Pervez Musharraf: The Career of Pakistan's Strongman

By Cnn, David Challenger | St. Joseph News-Press, January 9, 2012 | Go to article overview

Pervez Musharraf: The Career of Pakistan's Strongman


Cnn, David Challenger, St. Joseph News-Press


(CNN) -- Former Pakistani President Pervez Musharraf came to power in a bloodless military coup in 1999 when he was chief of Pakistan's army. He held power until the 2008 elections after which he resigned. Since then he has lived in self-imposed exile in London. In late 2010 he launched the All Pakistan Muslim League party with a view to running for office in 2013. Musharraf now says he plans to return to his home country sometime at the end of January. How did Musharraf establish himself as a player in Pakistani politics? Like most Muslims, Musharraf's family moved to Pakistan when British India was divided into India and Pakistan, and settled in Karachi. Musharraf's father was a career diplomat, which saw him spend his early childhood in Turkey due to his father's assignment in Ankara. But despite early family life in civil service, Musharraf decided on a different career path -- in 1964 he was commissioned second lieutenant in an artillery regiment in the Pakistani Army.

His rise through the military would help cement his political power in Pakistan by gaining the backing of the country's armed forces. He was promoted to major general in 1991, appointed chief of army staff with rank of general in 1998, and then made chairman of the joint chiefs of staff the following year. How did Musharraf gain power in Pakistan? It was during his stint as the country's military chief that there was an opening for Musharraf's political ascendancy, when in 1999 the then-Prime Minister Nawaz Sharif dismissed him after the army's failed invasion in Kargil, in Indian- administered Kashmir. As Musharraf was returning from an overseas visit in October 1999, Sharif refused to allow the commercial airliner with 200 passengers on board to land. Within hours the army had deposed Sharif in a bloodless coup, and the plane was allowed to touch down with only 10 minutes of fuel left. In 2001 Musharraf appointed himself president of Pakistan while remaining the head of the army. Musharraf's rule: Strengthening his grip on power In April 2002 a referendum allowed Musharraf to hold office for a further five years. Four months later, Musharraf implemented 29 amendments to the constitution, granting himself the power to dissolve parliament and remove the prime minister. In a televised address in December 2004, Musharraf announced that he would not step down as top military leader, even though he had previously agreed to give up the position of the head of the army at the end of 2004. He said that he needed to maintain his position in order to watch over anti- terrorist operations.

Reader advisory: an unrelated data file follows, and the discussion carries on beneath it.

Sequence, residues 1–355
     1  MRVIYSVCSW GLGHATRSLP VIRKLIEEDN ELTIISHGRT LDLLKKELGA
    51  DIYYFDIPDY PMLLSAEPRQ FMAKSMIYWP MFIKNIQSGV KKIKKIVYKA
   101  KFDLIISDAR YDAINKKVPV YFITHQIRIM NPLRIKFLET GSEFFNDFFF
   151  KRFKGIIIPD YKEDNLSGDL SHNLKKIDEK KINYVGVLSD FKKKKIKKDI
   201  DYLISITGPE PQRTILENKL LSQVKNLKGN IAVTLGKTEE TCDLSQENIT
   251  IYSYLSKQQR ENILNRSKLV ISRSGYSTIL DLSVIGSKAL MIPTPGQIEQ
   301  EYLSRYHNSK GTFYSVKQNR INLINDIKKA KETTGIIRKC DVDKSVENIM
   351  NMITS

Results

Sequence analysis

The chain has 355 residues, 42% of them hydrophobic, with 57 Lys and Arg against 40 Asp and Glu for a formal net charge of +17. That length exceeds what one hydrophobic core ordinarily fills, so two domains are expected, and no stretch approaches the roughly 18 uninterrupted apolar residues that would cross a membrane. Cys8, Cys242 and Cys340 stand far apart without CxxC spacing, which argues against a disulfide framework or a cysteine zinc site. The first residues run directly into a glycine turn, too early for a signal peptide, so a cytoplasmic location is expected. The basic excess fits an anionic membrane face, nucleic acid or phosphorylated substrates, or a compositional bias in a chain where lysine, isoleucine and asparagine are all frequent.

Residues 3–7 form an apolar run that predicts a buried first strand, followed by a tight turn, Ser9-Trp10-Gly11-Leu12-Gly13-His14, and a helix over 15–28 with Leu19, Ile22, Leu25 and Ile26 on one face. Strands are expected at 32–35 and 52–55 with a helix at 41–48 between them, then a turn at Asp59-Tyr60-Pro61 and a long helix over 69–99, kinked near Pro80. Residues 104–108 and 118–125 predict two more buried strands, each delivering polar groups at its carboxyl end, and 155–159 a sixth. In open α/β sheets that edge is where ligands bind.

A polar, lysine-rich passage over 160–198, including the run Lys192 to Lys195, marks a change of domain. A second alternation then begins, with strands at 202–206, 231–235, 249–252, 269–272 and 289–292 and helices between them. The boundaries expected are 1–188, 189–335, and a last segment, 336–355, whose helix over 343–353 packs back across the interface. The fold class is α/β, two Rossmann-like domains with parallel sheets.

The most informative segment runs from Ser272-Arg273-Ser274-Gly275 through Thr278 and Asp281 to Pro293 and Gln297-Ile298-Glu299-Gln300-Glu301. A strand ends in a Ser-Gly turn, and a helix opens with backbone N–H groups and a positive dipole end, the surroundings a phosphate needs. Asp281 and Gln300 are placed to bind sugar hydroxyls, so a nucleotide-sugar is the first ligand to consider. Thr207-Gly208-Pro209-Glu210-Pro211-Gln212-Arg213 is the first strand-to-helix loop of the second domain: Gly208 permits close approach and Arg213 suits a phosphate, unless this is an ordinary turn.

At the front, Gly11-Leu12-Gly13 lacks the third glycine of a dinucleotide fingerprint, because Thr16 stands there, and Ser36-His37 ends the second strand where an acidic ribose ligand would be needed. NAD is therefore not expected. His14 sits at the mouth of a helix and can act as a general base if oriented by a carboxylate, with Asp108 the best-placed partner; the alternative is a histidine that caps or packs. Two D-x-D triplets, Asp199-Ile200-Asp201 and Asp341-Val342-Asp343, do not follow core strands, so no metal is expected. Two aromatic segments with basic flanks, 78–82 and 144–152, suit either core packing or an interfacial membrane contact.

During his rule, Pakistan attained respectable growth rates and established a generally favorable investment climate. Along with that came a growing middle class, a more aggressive media, and a more assertive judiciary.

"He brought parliamentary reforms. He brought women into the parliament," said Ahmed Bilal Mehboob, director of the Pakistan Institute of Legislative Development and Transparency.

But, analysts say, Musharraf never lost his military mindset. "He in a way, always believed in a unity of command, a very centralized command, which means his command, in fact," said Lt. Gen. Talat Masood, a political analyst. Why did things turn sour for Musharraf? Musharraf's popularity began plummeting in 2007 after he suspended Supreme Court Chief Justice Iftikhar Chaudhry for "misuse of authority." The move triggered protests and accusations that he was trying to influence the court's ruling on whether he could run for another five-year term. Chaudhry was reinstated but the damage was done.

In October of that year, Musharraf was re-elected president by a parliament critics said was stacked with his supporters. Opposition parties filed a challenge. The next month, he declared a state of emergency, suspended Pakistan's constitution, replaced the chief judge again and blacked out independent TV outlets. …

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